fair enough, but i really dont think that the young lady on the phone
with me at b&d was thinking along those lines.
well, i'd rather have a battery that i know will never nuke my motor,
given that ive already been burned once. literally.
you are saying use the dewalt battery pack, and be aware of the
limitations. this would be like driving a car which would suffer
engine damage if you went over 55mph. doable, but nerve wracking.
No, I am saying regardless of what battery pack you use if you push the
drill beyond its limits it will eventually fail. A weaker battery pack will
still burn the motor up if the motor is under a constant strain. Having a
stronger battery pack may supply the power to ease the strain.
well, i guess i still have to play it conservative. i dont have any
way of quantifying whether or not i should expect theoretical damage
to the drill, and my practical experience seems to match up with the
doomsayer version of the dewalt-firestorm debate.
thanks for your help, though.
When you turn on the tool the voltage across the battery drops, you
can demonstrate this with a voltmeter on your car pretty easily. in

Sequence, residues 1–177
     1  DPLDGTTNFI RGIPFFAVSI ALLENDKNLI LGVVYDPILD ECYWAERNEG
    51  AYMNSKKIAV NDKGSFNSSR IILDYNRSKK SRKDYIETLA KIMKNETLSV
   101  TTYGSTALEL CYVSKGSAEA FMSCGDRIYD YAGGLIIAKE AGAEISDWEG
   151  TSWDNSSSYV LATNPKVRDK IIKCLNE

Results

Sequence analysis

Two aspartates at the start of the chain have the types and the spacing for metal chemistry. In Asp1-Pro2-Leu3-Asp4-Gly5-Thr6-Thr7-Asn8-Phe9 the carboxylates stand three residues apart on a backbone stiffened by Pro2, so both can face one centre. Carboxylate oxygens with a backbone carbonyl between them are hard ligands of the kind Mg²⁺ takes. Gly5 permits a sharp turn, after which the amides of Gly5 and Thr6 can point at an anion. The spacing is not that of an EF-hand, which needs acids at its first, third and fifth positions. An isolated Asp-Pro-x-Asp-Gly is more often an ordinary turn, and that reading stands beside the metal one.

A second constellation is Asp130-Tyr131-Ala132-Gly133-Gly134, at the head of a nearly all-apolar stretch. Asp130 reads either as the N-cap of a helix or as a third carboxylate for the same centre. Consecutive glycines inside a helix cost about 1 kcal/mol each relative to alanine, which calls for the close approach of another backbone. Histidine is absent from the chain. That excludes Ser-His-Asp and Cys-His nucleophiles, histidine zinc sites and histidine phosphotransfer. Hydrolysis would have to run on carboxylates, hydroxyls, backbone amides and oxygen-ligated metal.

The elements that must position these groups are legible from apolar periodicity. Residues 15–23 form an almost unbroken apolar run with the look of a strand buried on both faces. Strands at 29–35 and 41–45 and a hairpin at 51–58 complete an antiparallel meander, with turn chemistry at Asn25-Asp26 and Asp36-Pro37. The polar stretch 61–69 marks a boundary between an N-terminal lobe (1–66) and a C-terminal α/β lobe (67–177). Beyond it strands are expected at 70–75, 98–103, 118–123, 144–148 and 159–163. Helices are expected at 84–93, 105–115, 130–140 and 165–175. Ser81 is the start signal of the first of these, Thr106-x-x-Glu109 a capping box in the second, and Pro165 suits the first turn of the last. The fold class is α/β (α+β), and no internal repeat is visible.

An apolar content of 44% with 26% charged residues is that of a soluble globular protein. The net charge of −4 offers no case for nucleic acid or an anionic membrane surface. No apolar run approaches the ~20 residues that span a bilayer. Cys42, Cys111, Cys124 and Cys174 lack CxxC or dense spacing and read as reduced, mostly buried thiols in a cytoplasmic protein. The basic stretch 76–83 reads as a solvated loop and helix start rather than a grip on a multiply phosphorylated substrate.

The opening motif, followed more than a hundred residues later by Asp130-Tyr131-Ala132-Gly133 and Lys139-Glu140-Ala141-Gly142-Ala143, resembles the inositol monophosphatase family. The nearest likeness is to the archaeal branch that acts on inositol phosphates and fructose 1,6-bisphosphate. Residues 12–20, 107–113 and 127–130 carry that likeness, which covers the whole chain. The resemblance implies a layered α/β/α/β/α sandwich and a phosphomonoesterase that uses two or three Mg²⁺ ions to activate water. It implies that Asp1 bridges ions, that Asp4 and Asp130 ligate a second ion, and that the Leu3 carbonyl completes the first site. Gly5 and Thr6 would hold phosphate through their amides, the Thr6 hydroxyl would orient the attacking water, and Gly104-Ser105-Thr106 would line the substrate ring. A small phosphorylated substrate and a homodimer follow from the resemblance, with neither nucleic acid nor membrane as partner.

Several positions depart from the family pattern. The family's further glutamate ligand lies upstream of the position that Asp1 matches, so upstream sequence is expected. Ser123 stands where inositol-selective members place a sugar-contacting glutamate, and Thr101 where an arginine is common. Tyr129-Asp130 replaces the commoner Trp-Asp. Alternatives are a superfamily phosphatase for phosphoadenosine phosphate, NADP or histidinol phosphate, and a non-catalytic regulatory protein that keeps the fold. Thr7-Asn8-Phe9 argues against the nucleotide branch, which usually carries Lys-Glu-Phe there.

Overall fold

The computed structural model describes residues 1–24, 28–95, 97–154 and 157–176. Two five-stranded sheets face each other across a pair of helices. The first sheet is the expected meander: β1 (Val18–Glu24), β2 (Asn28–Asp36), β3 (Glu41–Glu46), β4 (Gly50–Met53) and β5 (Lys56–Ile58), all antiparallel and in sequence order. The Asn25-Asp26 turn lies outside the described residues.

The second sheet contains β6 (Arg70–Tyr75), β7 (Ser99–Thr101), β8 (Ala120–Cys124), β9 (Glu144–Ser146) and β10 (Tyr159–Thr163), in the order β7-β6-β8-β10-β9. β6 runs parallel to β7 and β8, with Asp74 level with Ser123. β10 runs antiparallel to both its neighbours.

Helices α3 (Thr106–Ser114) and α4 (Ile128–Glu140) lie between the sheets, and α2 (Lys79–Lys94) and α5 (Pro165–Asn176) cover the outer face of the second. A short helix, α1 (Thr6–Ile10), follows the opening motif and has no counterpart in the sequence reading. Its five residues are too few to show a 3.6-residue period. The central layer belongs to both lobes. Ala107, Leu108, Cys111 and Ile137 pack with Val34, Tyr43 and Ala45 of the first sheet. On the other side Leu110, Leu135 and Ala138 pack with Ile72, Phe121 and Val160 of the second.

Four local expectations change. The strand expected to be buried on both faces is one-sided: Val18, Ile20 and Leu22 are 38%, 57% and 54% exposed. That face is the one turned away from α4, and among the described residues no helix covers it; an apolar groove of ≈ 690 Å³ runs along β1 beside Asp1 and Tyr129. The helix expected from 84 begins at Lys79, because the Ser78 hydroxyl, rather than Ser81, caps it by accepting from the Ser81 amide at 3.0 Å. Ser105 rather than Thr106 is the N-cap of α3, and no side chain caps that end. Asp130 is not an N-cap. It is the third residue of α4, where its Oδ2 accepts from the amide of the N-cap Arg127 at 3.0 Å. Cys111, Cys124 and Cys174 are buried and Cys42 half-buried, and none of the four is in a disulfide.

fact in some cars with voltmeters on the dash you can see it from the
drivers seat. The voltage drop will be less with a higher rated battery,
so more current will flow through the circuit. The key to
understanding this is that batteries have resistance too.
If we are talking using a higher voltage battery in a tool designed for a
lower voltage battery, then, yeah, you can do some damage...especially in
extended runs. However, putting any 18v battery as the energy source for
ANY 18v drill is NOT going to hurt the drill at all. 18v is 18 v and it
matters zip where it comes from. What the differences in the batteries do
determine is how long the drill will run in normal use and (if the drill
motor has to work against a too high load)how easilly it will stall
because you have drained the battery against a stalling load.
Now if you stall the drill then you can damage it using a larger capacity
18v battery simply because the better battery will not go dead as quickly
as the weaker one will and you will be running current through a stalled
motor longer, over-heating it and damaging it. The weaker (less current
capacity) 18v battery will be delivering near 0v while the better battery
will still be supplying 18 v.
Don't abuse the drill, and it will thrive with either battery...it will
just do it longer w/o recharging with the better battery.
Lawrence Wasserman wrote:
- nopcbs (none of the time)
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